LINE PROTECTION WITH OVERCURRENT RELAYS
Inverse-time relaying is supplemented by instantaneous relaying wherever possible. Speedin clearing faults minimizes damage and thereby makes automatic reclosing more likely tobe successful.
HOW TO SET INVERSE-TIME-OVERCURRENT RELAYS FOR COORDINATION
The first step is to choose the pickup of the relay so that it will (1) operate for all short circuits in its own line, and (2) provide back-up protection for short circuits in immediately adjoining system elements under certain circumstances. For example, if the adjoiningelement is a line section, the relay is set to pick up at a current somewhat less than it receives for a short circuit at the far end of this adjoining line section under minimumgenerating–or other–conditions that would cause the least current flow at the relay location. This is illustrated in Fig. 1.For a phase relay, a phase-to-phase fault would be assumed since it causes less current toflow than does any other fault not involving ground. However, a phase relay must not beso sensitive that it will pick up under emergency conditions of maximum load over the linefrom which it receives its current. For a ground relay, a single-phase-to-ground fault wouldbe assumed; load current is not a factor in the choice of a ground-relay’s pickup except ina distribution system where there is ground current normally because of unbalancedloading. If there are two or more adjoining line sections, the fault should be assumed at the end of the section that causes the least current to flow at the location of the relay beingadjusted.Because of the effect of parallel circuits not shown, less current will flow at the relay location of Fig. 1 if breaker
is closed than if
is open. If satisfactory adjustment can beobtained with
closed, so much the better. However, the relay under consideration isbeing adjusted to operate if breaker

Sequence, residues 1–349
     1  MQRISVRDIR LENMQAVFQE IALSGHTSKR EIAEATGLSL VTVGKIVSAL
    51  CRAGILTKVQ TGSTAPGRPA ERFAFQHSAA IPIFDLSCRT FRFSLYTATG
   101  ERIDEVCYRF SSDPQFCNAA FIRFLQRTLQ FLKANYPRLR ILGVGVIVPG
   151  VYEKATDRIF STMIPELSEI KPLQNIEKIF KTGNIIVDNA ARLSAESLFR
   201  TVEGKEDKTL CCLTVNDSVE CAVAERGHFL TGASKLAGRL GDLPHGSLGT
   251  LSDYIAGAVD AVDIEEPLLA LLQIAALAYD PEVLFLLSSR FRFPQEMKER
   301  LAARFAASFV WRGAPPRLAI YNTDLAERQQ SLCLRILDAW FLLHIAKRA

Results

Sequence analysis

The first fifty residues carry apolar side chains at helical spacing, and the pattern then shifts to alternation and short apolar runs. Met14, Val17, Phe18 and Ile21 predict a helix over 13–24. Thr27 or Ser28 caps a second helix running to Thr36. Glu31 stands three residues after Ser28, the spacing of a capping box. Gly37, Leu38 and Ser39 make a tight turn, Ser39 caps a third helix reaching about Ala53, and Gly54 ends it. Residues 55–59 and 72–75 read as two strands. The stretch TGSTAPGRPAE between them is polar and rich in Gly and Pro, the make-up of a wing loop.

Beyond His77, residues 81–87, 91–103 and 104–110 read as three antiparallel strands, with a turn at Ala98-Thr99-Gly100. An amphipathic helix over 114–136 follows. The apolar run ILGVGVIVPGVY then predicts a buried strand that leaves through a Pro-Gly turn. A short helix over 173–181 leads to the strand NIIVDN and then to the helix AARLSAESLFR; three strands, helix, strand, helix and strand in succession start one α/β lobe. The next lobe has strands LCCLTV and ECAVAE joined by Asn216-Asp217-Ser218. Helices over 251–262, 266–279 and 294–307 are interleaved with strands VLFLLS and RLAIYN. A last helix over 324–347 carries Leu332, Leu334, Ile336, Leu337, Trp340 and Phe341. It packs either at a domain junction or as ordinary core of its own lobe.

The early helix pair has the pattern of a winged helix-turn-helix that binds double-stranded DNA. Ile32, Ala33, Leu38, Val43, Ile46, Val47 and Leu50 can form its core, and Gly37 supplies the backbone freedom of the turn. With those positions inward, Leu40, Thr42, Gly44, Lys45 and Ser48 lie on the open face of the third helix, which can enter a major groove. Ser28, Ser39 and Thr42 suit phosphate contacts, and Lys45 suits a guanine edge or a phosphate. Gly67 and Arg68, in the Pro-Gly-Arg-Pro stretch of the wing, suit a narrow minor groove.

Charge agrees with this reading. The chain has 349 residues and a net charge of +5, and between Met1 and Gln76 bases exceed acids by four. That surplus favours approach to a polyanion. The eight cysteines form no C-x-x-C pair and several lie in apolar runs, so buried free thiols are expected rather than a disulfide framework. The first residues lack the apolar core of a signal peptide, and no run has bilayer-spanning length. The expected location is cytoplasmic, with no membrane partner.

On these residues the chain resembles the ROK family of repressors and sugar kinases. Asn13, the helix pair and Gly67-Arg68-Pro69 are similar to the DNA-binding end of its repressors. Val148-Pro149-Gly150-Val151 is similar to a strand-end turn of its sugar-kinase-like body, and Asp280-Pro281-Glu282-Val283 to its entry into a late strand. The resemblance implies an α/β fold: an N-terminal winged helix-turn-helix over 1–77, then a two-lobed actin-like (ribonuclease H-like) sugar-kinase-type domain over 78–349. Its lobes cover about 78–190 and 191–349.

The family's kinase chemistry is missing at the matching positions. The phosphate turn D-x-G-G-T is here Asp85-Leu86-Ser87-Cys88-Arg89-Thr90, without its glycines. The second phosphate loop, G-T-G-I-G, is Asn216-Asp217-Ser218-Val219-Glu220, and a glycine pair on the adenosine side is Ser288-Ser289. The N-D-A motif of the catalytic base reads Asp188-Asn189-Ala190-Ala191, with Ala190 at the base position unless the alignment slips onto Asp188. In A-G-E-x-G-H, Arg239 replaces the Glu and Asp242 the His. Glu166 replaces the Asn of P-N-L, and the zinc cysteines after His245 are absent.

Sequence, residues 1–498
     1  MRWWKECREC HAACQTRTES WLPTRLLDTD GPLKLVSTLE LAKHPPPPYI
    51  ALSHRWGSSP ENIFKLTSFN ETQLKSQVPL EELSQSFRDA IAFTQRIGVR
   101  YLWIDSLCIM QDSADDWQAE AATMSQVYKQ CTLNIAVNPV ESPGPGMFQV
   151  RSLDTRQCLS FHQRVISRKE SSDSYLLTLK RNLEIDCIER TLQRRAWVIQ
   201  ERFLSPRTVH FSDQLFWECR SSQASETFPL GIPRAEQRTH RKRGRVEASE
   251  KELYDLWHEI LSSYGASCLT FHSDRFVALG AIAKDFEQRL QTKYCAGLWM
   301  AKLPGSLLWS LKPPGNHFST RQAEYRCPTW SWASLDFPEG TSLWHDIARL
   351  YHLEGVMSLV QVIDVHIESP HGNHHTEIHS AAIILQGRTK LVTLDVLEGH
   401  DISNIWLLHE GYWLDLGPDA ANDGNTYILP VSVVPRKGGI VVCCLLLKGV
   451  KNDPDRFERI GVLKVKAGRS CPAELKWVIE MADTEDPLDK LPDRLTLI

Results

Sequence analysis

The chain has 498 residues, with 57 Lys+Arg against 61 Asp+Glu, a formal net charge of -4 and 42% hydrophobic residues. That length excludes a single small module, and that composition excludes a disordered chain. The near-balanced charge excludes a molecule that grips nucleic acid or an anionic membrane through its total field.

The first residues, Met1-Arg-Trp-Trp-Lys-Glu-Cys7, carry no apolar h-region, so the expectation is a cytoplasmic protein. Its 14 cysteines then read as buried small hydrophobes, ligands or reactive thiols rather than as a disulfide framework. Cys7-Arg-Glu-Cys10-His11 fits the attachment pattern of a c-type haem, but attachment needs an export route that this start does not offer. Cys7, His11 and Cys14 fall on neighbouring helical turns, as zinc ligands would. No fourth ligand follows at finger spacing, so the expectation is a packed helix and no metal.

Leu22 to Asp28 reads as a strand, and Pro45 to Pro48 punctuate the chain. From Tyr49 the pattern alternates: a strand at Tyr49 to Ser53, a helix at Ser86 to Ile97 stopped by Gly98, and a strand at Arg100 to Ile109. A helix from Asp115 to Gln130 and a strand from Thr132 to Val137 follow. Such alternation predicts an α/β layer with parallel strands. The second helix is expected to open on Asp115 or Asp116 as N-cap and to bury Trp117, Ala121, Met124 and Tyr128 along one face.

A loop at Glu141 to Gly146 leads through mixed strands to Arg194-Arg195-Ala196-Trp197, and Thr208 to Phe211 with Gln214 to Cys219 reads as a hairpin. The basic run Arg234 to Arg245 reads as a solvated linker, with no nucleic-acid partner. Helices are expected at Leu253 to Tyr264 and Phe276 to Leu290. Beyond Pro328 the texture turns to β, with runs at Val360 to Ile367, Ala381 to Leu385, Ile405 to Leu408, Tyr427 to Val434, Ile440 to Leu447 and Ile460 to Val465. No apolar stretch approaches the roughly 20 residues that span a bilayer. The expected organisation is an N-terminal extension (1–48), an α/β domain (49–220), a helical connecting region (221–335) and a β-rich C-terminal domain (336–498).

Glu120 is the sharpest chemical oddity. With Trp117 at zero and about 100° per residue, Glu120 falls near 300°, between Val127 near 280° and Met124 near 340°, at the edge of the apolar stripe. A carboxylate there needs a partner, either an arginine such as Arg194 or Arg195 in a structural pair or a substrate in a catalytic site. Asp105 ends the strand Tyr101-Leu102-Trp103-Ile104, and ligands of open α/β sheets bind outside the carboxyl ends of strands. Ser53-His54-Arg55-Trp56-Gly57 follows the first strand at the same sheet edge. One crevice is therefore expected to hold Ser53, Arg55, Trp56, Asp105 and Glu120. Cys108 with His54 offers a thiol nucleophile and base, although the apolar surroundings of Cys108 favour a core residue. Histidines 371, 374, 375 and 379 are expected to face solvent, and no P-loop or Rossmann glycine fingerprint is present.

fails to open; it is not generally assumed that breaker
will also fail to open. There may be some occasions when one will wish to assumesimultaneous equipment failures at different locations, but it is not the usual practice.Hence, it is permissible to assume that breaker
has opened, which is usually very helpfuland may even be necessary.Under certain circumstances, the relay will get less current for a phase-to-phase fault at
closed and under minimum generating conditions than for the fault location shown in Fig. 1 with
open; the relay must be able to operate for this conditionalso.In order to use the most inverse portion of the relay’s time curves, the pickup in terms of primary current should be as high as possible and still be low enough so that the relay willoperate reliably under the minimum fault-current condition. Under such conditions, therelay should operate at no less than about 1.5 times its pickup, but as near to that value asconveniently possible. The reason for this rule is that, closer to the pickup current, thetorque is so low that a small increase in friction might prevent operation or it might
Fig. 1. The fault location for adjusting the pickup for back-up protection.